Malawi

Economics, Political, and Trade Overview

Source: Feb 10, 2022 Economist Intelligence Unit

Malawi - In Short.

Overview of Malawi

Malawi shares its name with the Chewa word for flames and is linked to the Maravi people from whom the Chewa language originated. The Maravi settled in what is now Malawi around 1400 during one of the later waves of Bantu migration across central and southern Africa. Several of Malawi’s ethnic groups trace their origins to different Maravi lineages. A powerful Maravi kingdom, established around 1500, reached its zenith around 1700, when it controlled what is now southern and central Malawi as well as portions of neighboring Mozambique and Zambia before beginning to decline because of destabilization from the escalating global trade in enslaved people. In the early 1800s, widespread conflict in southern Africa displaced various ethnic Ngoni groups, some of which moved into Malawi and further undermined the Maravi. Members of the Yao ethnic group – which had long traded with Malawi from Mozambique – introduced Islam and began to settle in Malawi in significant numbers the mid-1800s; in the late 1800s, members of the Lomwe ethnic group also moved into southern Malawi from Mozambique. British missionary and trading activity increased in the area around Lake Nyasa in the mid-1800s, and Britain declared a protectorate, called British Central Africa, over what is now Malawi in 1891 and eliminated various political entities that sought to retain their autonomy over the subsequent decade. The British renamed the territory Nyasaland in 1907 and it was part of the colonial Federation of Rhodesia and Nyasaland – including present-day Zambia and Zimbabwe – from 1953 to 1963 before gaining independence as Malawi in 1964. Hastings Kamuzu BANDA served as prime minister at independence and, when the country became a republic in 1966, he became president. He later instituted one-party rule under his Malawi Congress Party (MCP) and was declared president for life. After three decades of one-party rule, the country held multiparty presidential and parliamentary elections in 1994 under a provisional constitution that came into full effect the following year. Bakili MULUZI of the United Democratic Front party became the first freely elected president of Malawi when he defeated BANDA at the polls in 1994; he won reelection in 1999. President Bingu wa MUTHARIKA was elected in 2004 and subsequently started his own party, the Democratic Progressive Party, in 2005. MUTHARIKA was reelected to a second term in 2009. He died abruptly in 2012 and was succeeded by Vice President Joyce BANDA, who had earlier started her own party, the People’s Party. MUTHARIKA’s brother, Peter MUTHARIKA, defeated BANDA in the election in 2014. Peter MUTHARIKA was reelected in a disputed election in 2019 that resulted in countrywide protests. The courts ordered a new the election, and in 2020 Lazarus CHAKWERA of the MCP was elected president after defeating MUTHARIKA as head of a coalition of opposition parties. Population growth, increasing pressure on agricultural lands, corruption, and the scourge of HIV/AIDS pose major problems for Malawi.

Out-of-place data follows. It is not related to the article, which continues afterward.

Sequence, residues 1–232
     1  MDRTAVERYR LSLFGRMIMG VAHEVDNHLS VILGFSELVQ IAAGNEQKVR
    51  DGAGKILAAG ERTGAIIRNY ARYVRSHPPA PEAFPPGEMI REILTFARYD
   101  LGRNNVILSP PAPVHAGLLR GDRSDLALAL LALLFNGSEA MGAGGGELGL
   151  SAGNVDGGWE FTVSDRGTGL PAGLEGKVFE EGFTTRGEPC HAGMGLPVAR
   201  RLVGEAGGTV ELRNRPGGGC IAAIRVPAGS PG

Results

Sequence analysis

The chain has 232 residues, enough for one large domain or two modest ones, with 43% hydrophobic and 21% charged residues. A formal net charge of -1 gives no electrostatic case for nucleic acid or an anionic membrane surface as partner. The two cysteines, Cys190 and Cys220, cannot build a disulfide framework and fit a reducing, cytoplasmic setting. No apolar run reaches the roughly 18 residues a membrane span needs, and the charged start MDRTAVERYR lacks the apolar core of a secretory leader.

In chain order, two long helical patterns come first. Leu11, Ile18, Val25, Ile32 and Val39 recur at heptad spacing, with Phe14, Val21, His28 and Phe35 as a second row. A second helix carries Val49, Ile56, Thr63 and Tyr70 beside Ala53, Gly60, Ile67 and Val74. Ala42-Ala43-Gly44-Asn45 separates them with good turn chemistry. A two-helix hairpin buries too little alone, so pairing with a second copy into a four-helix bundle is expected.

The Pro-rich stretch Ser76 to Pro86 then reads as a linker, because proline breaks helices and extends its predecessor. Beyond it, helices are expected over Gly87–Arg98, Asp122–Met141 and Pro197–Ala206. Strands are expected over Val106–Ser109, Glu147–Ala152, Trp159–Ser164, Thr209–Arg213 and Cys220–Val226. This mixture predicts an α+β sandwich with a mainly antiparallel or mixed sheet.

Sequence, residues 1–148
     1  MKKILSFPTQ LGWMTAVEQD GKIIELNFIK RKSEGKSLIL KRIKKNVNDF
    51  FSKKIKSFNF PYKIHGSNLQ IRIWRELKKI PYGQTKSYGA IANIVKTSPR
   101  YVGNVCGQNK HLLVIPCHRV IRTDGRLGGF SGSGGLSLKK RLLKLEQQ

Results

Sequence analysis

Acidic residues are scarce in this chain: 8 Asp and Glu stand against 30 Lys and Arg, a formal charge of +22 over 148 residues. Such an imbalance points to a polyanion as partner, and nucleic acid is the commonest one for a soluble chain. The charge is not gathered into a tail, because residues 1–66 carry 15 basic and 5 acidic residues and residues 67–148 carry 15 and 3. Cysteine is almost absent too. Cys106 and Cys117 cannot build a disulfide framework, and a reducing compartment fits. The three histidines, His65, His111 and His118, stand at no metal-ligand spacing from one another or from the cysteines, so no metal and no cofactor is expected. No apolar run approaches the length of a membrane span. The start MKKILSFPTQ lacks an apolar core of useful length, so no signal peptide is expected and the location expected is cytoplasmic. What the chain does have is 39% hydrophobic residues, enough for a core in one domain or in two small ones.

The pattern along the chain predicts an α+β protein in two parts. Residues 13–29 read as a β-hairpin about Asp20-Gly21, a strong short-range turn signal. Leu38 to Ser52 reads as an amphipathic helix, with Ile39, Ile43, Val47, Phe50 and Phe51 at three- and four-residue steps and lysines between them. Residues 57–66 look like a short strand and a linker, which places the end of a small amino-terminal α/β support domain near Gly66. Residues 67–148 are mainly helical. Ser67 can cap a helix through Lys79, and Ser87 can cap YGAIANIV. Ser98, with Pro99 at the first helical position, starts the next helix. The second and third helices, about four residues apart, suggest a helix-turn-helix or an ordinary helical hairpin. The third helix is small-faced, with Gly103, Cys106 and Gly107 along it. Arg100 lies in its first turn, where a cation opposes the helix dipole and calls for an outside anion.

Value
Country Full Name
Malawi
Country Code
MWI
Region
Sub-Saharan Africa
Income Group
Low income
Currency Unit
GDP
12182348213
Population
19129955
Land Area
94280
Net National Income Per Capita
561.4053186
GDP per Capita (PPP)
1591.605401

2020 GDP Growth Rate (Current USD)

2020 GDP Per Capita (Current USD)

2020 Urbanization Rate (%)

2020 Total Fertility Rate (Birth Per Woman)

Doing Business Score (100= Most Friendly)